Tuesday, January 8, 2002, Chandigarh, India





THE TRIBUNE SPECIALS
50 YEARS OF INDEPENDENCE

TERCENTENARY CELEBRATIONS
M A I N   N E W S

Case against Bhattal takes new turn
Tribune News Service

Bathinda, January 7
The case of corruption registered against former Chief Minister Rajinder Kaur Bhattal under Section 13 of the Prevention of the Corruption Act and Section 409 of IPC for her alleged involvement in bungling in the Chief Ministerís Relief Fund, took a new turn when the complainant, Mr Balwant Singh Dhillon, President, District Amateur Boxing Association, Bathinda, moved an application in the court of Special Judge for rectification/return of challan presented in the same case by the Vigilance Bureau on December 27, 2001.

The Special Judge, who issued summons against Mrs Bhattal on January 2 for securing her personal appearance on January 7, has adjourned the hearing of case till January 22.

Earlier, Vigilance officials, who are making investigations in the case, after it was registered at the Vigilance Bureau police station, Ferozepore, on May 22, 2001 moved an application on January 2, 2002, in the court of Special Judge for return of challan which they presented on December 27, 2001.

Mr Khushi Mohammad, DSP, Vigilance Bureau, Bathinda, in an application moved in the court of Special Judge, pleaded that return presented in the same court against Mrs Bhattal should be returned as court of Special Judge, Chandigarh, was the proper forum where the challan should have been presented as the trials were to take place in the court under whose territorial jurisdiction the offence was committed.

The second ground taken by Mr Mohammad was that since Mrs Bhattal was a public servant as Chief Minister of Punjab when she allegedly committed the offence, it was necessary to take sanction for prosecution from the competent authorities before taking cognisance as envisaged under Section 19 of the Prevention of Corruption Act and Section 197 of Cr. PC. The required sanction was not obtained from the competent authority.

Mr Dhillon, in an application moved on January 5, 2002, pleaded that a defective challan had been presented in the special court and it would lead to the failure of case initiated at his instance. He added that even the prosecution agency had admitted that the challan had been presented in this fashion by them.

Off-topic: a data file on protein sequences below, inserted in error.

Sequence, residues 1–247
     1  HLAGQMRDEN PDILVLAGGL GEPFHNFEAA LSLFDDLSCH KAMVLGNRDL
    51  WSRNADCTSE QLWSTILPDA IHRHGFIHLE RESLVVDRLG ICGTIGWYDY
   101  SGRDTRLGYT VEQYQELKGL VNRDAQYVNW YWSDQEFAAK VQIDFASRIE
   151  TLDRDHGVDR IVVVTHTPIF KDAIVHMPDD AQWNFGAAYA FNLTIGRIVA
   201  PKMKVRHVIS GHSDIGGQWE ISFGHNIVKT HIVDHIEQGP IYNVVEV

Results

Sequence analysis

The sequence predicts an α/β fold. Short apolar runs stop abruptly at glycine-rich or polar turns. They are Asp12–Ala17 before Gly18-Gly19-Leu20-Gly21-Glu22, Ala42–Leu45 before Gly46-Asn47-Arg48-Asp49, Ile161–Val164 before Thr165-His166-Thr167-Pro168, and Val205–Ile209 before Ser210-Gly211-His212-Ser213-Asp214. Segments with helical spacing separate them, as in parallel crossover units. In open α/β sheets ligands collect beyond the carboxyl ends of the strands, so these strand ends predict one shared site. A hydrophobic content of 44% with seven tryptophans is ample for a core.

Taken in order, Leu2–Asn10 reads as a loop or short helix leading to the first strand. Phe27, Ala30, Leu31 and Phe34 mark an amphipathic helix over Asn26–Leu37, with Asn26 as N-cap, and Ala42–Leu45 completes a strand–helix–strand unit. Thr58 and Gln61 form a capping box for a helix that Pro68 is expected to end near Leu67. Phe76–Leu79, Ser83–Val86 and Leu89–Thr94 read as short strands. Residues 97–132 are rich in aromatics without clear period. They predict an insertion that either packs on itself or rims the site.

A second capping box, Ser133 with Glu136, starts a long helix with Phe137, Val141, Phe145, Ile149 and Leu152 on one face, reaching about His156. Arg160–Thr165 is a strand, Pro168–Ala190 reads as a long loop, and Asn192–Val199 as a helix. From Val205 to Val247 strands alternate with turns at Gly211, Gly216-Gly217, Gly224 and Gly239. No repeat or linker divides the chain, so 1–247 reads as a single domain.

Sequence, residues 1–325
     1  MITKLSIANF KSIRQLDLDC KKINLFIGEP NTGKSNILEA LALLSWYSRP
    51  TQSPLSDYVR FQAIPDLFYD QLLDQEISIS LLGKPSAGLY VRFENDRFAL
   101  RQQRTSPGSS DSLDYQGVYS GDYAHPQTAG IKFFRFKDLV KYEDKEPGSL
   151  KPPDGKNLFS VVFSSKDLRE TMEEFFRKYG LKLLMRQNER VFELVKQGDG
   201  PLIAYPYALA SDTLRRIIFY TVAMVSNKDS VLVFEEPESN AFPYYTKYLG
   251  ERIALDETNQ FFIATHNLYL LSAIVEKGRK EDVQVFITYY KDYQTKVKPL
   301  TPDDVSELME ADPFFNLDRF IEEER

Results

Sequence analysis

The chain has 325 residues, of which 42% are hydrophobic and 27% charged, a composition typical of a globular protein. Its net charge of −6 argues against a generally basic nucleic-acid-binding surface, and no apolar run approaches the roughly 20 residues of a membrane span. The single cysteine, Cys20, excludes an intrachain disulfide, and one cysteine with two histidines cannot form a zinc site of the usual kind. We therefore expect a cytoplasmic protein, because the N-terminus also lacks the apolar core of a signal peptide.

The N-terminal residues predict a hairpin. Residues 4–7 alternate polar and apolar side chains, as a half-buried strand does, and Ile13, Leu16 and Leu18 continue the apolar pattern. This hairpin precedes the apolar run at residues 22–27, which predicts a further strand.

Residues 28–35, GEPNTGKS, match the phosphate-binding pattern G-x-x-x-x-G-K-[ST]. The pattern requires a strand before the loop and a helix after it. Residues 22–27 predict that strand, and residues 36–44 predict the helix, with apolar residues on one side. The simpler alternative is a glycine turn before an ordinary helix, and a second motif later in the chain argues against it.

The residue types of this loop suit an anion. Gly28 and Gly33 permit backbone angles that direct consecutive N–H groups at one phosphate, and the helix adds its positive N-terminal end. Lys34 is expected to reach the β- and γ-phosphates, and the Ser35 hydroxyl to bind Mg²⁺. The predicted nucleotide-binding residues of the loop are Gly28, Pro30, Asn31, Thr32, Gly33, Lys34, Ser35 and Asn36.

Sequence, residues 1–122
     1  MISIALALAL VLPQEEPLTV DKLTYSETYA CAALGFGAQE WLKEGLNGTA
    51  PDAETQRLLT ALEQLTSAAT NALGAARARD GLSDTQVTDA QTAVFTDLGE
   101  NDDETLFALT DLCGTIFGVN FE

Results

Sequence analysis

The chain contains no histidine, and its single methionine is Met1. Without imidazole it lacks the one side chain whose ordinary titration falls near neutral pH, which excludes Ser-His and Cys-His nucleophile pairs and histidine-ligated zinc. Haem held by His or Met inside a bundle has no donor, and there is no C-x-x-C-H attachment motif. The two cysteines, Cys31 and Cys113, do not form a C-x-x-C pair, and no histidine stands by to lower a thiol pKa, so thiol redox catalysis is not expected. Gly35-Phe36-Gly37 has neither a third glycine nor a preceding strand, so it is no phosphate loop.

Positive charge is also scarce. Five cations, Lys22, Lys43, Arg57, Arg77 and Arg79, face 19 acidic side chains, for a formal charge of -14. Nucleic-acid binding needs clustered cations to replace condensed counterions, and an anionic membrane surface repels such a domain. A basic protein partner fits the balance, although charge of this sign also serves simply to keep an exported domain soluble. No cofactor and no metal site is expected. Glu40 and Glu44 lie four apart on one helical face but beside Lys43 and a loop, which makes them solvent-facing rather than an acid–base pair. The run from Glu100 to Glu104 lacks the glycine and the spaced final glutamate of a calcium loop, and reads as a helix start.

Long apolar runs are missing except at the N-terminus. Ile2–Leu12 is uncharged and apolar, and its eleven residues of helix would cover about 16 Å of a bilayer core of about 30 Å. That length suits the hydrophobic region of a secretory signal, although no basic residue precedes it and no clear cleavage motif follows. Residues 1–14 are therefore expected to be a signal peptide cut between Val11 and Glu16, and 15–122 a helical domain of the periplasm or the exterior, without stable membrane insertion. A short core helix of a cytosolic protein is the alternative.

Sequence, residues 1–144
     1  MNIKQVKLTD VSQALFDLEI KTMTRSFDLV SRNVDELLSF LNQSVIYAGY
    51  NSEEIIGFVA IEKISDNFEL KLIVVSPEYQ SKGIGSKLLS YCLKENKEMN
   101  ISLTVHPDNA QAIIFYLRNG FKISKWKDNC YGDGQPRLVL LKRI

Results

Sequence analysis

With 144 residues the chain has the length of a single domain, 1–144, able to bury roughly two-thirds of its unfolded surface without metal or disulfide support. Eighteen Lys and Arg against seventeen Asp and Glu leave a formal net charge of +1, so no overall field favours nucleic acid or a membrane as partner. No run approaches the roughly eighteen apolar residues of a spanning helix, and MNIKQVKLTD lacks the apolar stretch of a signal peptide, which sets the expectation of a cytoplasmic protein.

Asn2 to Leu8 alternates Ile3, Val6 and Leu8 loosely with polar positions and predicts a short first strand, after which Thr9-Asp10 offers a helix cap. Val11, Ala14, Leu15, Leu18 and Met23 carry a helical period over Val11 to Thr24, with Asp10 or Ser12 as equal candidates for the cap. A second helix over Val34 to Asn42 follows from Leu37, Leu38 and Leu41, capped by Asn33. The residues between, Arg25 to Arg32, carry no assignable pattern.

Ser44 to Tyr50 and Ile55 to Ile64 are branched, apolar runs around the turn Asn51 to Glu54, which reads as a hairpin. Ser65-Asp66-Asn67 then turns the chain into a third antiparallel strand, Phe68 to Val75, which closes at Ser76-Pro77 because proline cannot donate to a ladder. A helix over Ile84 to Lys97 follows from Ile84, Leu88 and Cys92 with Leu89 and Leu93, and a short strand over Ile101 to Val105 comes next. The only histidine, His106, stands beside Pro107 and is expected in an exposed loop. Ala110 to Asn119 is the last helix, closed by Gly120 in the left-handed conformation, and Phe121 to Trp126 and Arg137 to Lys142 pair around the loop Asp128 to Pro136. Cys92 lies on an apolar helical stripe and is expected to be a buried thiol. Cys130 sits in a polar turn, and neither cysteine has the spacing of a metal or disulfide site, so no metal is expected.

A case of corruption was registered against Mrs Bhattal on the directions of DGP (Vigilance), Punjab. The then Special Judge ordered the Vigilance Bureau to make investigations into the complaint moved in his court in connection with the alleged misappropriation of Rs 20 lakh by Mrs Bhattal, which she withdrew from the Chief Ministerís Relief Fund in 1996 when she was heading the state government. The DGP (Vigilance), Punjab, ordered the registration of a corruption case against Mrs Bhattal when the local Vigilance Bureau office sent the orders of Special Judge to the higher authorities for further action.

Mr Dhillon in his application also mentioned that law required that a defect in the challan could be rectified lest the entire proceedings became an exercise in futility. There was no provision in the law, which prohibited such a procedure from being adopted. The Honíble Court had ample power to allow an opportunity to the prosecution to rectify the defect, which might prove fatal in the continuance or taking cognisance of the proceedings against the public servant.

The provisions of Section 19 of the Prevention of Corruption Act were also mandatory in nature.

Everything was allowable in the code in the interest of justice and every defect of procedural could be rectified. It was always in the interest of justice that such rectification should take place at the initial stage to save harassment for the parties concerned.

That the apex court had also held that the petitioner was vitally interested in the prosecution of a case initiated by him even after the recording of FIR as a sequence of his petition. It was more so when the prosecution had acknowledged the vital defects which had crept in in the incomplete challan.

It was therefore prayed that the defective/incomplete challan put in by the prosecution without proper investigation and without obtaining proper sanction might be ordered to be withdrawn or rectified in the interest of justice.

It was further prayed that in the alternative the proceedings in the court might be stayed to allow rectification of challan or completion of proper investigations so that the proceedings might be culminated in accordance with law and irreparable loss might not accrue to the cause of justice.
Back

Home | Punjab | Haryana | Jammu & Kashmir | Himachal Pradesh | Regional Briefs | Nation | Editorial |
|
Business | Sport | World | Mailbag | In Spotlight | Chandigarh Tribune | Ludhiana Tribune
50 years of Independence | Tercentenary Celebrations |
|
121 Years of Trust | Calendar | Weather | Archive | Subscribe | Suggestion | E-mail |